Great Basin National Park, Nevada

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Great Basin National Park in eastern Nevada takes pride in its pristine night sky environment. Named an official Dark Sky Park since 2016, its high elevation, low humidity, and minimal light pollution provide visitors with near-perfect viewing conditions. On a moonless night at Great Basin, you can expect to see thousands of stars, five of the eight planets, meteors, the Andromeda Galaxy, the Milky Way, and so much more.

Astronomy events in the park are plentiful. During the summer, take the Star Train on the Nevada Northern Railway for a park ranger-guided tour. Great Basin also holds guided Full Moon Hikes and an Astronomy Festival in late September.

Joshua Tree National Park, California

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This unique desert ecosystem in southern California is home to some of the darkest skies in the country. Here, visitors can see galaxies, meteor showers, constellations, and more with the naked eye. Sleep in a tent under the stars at one of Joshua Tree National Park's nine campgrounds. Cottonwood Campground has the darkest night skies in the park, according to the National Park Service. As a Dark Sky Park, Joshua Tree offers Night Sky programs to educate visitors on their efforts to preserve and enjoy their night skies.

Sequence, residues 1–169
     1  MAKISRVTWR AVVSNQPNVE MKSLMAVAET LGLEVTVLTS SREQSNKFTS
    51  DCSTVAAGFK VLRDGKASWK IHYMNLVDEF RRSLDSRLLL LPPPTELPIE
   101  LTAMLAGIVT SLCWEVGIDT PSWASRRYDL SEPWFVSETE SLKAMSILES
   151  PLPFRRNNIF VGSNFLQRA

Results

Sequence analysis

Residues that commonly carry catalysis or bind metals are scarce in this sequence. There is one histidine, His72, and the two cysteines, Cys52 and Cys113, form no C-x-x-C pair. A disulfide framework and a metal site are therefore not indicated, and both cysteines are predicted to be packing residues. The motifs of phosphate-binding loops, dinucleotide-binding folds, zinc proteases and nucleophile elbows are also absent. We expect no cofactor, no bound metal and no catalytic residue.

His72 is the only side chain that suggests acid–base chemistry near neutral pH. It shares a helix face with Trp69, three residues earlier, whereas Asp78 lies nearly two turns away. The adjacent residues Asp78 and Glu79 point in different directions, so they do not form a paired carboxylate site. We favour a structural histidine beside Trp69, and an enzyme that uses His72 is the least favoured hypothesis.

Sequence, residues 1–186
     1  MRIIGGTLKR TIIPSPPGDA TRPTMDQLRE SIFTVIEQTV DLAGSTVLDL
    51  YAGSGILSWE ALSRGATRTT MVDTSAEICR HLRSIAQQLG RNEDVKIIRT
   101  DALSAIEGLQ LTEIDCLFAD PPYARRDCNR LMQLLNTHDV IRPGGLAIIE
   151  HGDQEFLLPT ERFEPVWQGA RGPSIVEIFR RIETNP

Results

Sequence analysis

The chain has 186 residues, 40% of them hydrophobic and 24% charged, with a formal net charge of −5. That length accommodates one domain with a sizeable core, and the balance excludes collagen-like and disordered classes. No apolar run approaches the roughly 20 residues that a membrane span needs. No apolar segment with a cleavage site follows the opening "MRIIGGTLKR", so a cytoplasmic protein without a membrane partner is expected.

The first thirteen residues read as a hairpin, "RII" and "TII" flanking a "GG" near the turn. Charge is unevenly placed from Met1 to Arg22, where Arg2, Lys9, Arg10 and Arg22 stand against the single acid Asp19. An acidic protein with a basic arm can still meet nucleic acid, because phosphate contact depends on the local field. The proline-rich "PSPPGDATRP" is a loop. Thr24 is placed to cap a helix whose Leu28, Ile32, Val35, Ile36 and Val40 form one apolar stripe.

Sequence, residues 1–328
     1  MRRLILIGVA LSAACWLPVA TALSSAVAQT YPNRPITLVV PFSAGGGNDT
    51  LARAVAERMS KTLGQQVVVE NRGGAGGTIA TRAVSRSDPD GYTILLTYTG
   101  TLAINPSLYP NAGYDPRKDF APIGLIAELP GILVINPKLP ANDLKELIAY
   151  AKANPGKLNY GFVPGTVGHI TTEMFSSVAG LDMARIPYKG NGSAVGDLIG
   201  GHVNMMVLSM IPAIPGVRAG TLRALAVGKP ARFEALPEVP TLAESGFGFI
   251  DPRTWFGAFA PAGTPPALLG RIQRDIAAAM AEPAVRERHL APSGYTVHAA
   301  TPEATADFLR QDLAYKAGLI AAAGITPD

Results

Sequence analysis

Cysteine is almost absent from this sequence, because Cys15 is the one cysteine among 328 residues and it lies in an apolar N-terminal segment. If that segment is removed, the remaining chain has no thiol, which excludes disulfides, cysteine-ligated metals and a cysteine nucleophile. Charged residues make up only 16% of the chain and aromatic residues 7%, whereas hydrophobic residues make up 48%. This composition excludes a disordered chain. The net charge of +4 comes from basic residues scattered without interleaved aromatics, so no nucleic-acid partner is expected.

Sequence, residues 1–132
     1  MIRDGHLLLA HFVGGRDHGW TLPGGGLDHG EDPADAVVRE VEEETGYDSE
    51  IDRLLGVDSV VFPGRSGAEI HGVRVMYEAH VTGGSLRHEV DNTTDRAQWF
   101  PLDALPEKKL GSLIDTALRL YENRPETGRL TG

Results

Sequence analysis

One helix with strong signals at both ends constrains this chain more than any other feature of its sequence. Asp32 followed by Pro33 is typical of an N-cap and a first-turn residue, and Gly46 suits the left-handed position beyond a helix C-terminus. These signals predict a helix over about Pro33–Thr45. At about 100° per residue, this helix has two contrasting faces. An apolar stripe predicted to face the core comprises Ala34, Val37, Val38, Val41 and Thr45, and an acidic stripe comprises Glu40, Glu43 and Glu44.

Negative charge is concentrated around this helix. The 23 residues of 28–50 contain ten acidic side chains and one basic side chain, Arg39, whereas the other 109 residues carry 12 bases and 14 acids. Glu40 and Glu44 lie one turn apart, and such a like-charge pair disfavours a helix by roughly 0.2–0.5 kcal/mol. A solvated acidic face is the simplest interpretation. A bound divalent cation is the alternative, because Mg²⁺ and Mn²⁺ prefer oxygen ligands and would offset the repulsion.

Canyonlands National Park, Utah

Milk Way over Mesa Arch at Canyonlands National Park
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Located in southeast Utah, Canyonlands National Park is known for its rugged desert landscape that was carved out by the Colorado River. The dramatic rock formations and remote canyons make beautiful backdrops for the night sky. Visitors can take advantage of the best sky-viewing times in Utah during the spring and fall by attending a ranger-led stargazing program. The most popular areas in the park for stargazing are the Island in the Sky, the Needles, and the Maze. Grand View Point in the Island in the Sky mesa is a prime location to set up your telescope, relax, and enjoy the view.

Great Sand Dunes National Park and Preserve, Colorado

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While it has served as an astronomy destination for decades, Great Sand Dunes National Park and Preserve is one of the latest parks to become Dark Sky certified in 2019. Great Sand Dunes lives up to its certification by claiming that "half the park is after dark." The massive dunes in this southern Colorado park provide the perfect contrast to a starry night. Apart from seeing thousands of stars on a moonless night, visitors are greeted by an abundance of nocturnal wildlife including hooting owls and croaking toads. Free ranger programs are available to guests from May through October including the interactive "Park After Dark" program with a laser-guided constellation tour.